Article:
Wednesday 27 January 2016

Plain packaging for food and drink - the vultures circle

A quick round up of news from half way down the slippery slope. First, from the Canadian Journal of Public Health...

Alcohol warning label perceptions: Emerging evidence for alcohol policy.


Patterns of alcohol and cigarette use and abuse can be considered parallels due to their similar social, biological and epidemiological implications. Therefore, the cross-fertilization of policy research, including health warnings evidence, is justified. The objective of this study was to apply the lessons learned from the tobacco health warnings and plain packaging literature to an alcohol packaging study and test whether labelling alters consumer perceptions.


Ninety-two adults were exposed to four labelling conditions of bottles for a famous brand of each of wine, beer and hard liquor. Participants were randomly assigned to one of four labelling conditions: standard, text warning, text and image warning, or text and image warning on a plain bottle. Participants then expressed their product-based (i.e., evaluation of the products) and consumer-based (i.e., evaluation of potential consumers of the products) perceptions in relation to each label condition and were asked to recognize the correct health warning.


As expected, participants perceived bottles with warnings less positively as compared to standard bottles in terms of product-based and consumer-based perceptions: plain bottles showed the most consistent statistically significant results, followed by text and image warnings, and then text warnings in pair-wise comparisons with the standard bottles. Some support for the impact of plain packaging on warning recognition was also found.


Unlike previous studies, this study reveals that health warnings, if similar to those on cigarette packs, can change consumer-based and product-based perceptions of alcohol products. The study reveals the importance of serious consideration of stringent alcohol warning policy research.

Secondly, from a forthcoming obesity conference...

Effects Of Plain Packaging, Warning Labels, And Taxes On Young People's Preferences For Sugar-sweetened Beverages: Results From An Online Experimental Study

Consumption of sugar-sweetened beverages (SSBs) is associated with obesity, diabetes, heart disease and dental caries.

Our aim was to assess effects of plain packaging, warning labels, and a 20% tax on SSB preferences, beliefs and purchase probabilities amongst young people. A 2 x 3 x 2 between-group experimental study was undertaken, via an anonymous online survey. 604 young New Zealanders aged 13-24 years who consumed soft drinks regularly were recruited. Participants were randomly allocated to view one of 12 experimental conditions, specifically images of branded versus plain packaged SSBs, with either no warning, a text warning, or a graphic warning, and with or without a 20% tax. Perceptions of the allocated SSB product and of those who might consume the product were measured using seven-point Likert scales. Purchase probabilities were measured using 11-point Juster scales.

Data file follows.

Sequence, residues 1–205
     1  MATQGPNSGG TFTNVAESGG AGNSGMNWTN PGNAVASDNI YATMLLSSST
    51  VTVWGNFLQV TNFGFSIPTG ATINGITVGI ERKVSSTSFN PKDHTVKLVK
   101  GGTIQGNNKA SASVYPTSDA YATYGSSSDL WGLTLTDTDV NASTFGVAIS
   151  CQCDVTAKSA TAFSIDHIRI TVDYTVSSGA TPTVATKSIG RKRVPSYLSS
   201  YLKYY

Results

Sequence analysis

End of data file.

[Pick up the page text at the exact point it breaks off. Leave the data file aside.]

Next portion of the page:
All three intervention scenarios had a significant negative effect on preferences for SSBs... Plain packaging and warning labels could significantly reduce adolescents’ and young adults’ preferences for and likelihood to purchase SSBs, and are therefore likely to reduce consumption.

And then there's this from Food Quality and Preference...

Public policy makers have recently recommended deactivating the marketing functions of unhealthy food packaging by enforcing the use of plain food packaging.

That can't be right, surely? Those good, honest public health professionals promised this would never happen.

Tragically, the Food Quality and Preference study found that plain packaging for snacks made people consume more of them. Perhaps that explains why cigarette sales rose after plain packaging was introduced in Australia.

Never mind though. I'm sure future studies will iron out that little problem and come to the 'right' conclusion, as the studies into booze and soft drinks above did.

The evidence is starting to mount isn't it, nonsmokers? Soon it will be 'overwhelming' and politicians will be forced to act. I can hardly wait to to see the look on your faces when you finally realise that freedom is indivisible.

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